Town plans bigger park
Committee: Tear down the old building
MILFORD – A committee charged with examining the future of Keyes Memorial Park has recommended the town eventually tear down the industrial building at 127 Elm St. and build a community recreation center.
The committee of residents and town employees was charged with developing short- and long-term recommendations for Keyes and the town-owned property to the west.
Milford bought the 6 acres a few years ago to give access to Keyes during the Fletcher Paint Superfund cleanup and to give the town more recreation space.
The committee recommends fully integrating the property into the park. A major question is what to do with the 33,000-square-foot building, the former Permattach Diamond Tool Corp. facility.
The steel structure is essentially sound, but its roof, HVAC, electric and plumbing need replacement. Renovation costs are estimated to be $2.85 million. Demolition and new construction costs would be about $3.8 million, according to the report.
"Essentially, the building would have to be gutted," Community Development Director Lincoln Daley said.
It also would need mold abatement and replacement of the windows and doors.
In a recent survey that asked Milford residents to name their top priorities for Keyes, fixing and maintaining the current park was the first choice. The second choice was creating a path for walking, biking and cross-country skiing around the perimeter. Survey respondents also asked for more shaded areas, more public restrooms and more parking.
The committee came up with a 10-year master plan for an integrated park.
Phase one includes a handicap-accessible path around the park, a relocated ballfield and a new multipurpose field.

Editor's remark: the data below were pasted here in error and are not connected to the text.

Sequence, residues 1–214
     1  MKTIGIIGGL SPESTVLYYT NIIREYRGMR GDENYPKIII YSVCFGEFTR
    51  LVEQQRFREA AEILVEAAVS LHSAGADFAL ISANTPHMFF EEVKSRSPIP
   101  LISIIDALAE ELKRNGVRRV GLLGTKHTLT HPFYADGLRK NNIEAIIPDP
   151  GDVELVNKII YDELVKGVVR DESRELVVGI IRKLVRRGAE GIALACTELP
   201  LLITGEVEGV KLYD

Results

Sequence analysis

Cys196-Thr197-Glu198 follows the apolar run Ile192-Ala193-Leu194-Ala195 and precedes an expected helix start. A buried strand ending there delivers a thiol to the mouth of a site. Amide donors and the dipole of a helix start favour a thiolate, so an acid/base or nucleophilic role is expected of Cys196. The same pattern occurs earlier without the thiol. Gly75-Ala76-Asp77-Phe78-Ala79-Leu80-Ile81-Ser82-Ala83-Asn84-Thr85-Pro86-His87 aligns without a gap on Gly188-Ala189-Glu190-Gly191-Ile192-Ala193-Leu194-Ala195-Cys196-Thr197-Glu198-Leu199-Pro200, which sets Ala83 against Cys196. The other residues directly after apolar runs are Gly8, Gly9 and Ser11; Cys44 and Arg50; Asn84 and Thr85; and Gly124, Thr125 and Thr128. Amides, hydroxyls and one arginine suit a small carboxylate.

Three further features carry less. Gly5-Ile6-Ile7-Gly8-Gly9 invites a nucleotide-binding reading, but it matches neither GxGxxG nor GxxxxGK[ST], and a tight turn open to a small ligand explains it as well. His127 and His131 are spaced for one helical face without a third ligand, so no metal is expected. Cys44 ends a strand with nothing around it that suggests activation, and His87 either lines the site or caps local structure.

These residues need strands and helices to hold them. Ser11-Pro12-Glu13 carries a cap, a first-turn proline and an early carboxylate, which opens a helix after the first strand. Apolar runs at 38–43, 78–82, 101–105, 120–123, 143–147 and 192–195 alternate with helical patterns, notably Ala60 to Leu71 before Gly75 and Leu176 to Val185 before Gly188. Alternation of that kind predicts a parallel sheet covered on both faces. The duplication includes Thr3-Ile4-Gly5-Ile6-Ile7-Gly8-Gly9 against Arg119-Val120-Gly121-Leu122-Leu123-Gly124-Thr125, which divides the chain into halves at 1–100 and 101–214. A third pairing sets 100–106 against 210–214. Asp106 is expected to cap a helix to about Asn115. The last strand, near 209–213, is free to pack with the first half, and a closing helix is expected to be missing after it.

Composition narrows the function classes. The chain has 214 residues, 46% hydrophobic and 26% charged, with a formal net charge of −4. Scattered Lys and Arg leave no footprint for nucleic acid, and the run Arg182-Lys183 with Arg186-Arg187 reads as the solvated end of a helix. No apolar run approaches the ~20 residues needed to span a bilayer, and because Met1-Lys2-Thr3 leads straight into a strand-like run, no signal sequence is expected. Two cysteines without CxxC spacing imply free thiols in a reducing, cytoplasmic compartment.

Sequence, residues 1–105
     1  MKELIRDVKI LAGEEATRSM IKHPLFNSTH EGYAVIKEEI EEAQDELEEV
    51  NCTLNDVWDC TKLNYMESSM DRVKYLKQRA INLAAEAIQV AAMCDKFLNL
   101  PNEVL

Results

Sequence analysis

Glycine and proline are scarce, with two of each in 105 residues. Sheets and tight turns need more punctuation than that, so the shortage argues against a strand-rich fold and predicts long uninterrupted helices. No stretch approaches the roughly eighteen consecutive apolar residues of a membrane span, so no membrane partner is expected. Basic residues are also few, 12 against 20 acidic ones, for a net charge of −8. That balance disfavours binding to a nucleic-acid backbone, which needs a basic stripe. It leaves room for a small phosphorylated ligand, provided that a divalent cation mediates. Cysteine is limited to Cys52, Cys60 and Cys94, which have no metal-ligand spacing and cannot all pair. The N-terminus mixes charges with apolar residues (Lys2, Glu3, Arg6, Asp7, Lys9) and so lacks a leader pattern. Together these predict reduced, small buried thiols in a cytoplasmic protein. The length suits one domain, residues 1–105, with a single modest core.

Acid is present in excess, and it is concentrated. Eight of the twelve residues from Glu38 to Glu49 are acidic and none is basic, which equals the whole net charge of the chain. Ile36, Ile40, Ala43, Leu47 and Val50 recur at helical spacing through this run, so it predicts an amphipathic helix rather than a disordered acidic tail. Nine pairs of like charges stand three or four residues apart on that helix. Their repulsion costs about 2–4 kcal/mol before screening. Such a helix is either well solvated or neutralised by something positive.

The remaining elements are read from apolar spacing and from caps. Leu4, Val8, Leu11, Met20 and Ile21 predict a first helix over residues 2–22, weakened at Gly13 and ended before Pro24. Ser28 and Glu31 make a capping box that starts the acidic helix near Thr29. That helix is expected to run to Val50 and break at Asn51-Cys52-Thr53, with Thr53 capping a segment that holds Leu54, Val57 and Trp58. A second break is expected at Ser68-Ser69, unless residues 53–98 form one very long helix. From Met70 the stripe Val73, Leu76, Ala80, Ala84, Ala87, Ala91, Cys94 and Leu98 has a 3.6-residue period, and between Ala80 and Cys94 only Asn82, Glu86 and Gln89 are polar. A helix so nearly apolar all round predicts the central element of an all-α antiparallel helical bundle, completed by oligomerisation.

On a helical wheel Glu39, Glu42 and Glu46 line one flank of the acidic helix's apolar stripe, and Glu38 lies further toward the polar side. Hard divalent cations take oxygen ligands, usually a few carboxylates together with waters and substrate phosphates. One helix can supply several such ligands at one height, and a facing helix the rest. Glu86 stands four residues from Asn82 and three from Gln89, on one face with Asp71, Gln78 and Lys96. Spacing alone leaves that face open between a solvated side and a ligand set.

Phase two, estimated to take two to five years, includes building a recreation center that has space for future expansion and demolishing the big building at 127 Elm St.
A new street hockey/ basketball court, a multipurpose field and more parking are also in phase two, as well as removal of the old basketball court to create a large picnic area.
Phase three, in eight to 10 years, includes building a bridge to the North River Road sports fields.
The community recreation center would centralize recreation planning and activities, and help relieve downtown congestion, according to the plan.
What to do about the building "was the elephant on the table," Janet Langdell, a committee member and Planning Board vice chairwoman, told selectmen on Nov. 14.
She also said one park feature that keeps coming up is a pedestrian bridge over the Souhegan River connecting Keyes to the North River Road sports fields.
"Low-hanging fruit," she said would be the path around the park and a gravel road connecting the parking lots at Keyes to the new parking lot at 127 Elm.
The committee is asking selectmen for a ballot item in March for a capital reserve fund for Keyes improvements.
Committee members said they considered retrofitting the old building to lease to the state for a Department of Motor Vehicles building, but it would be an expensive renovation for a relatively short-term use.
The report is on the town website.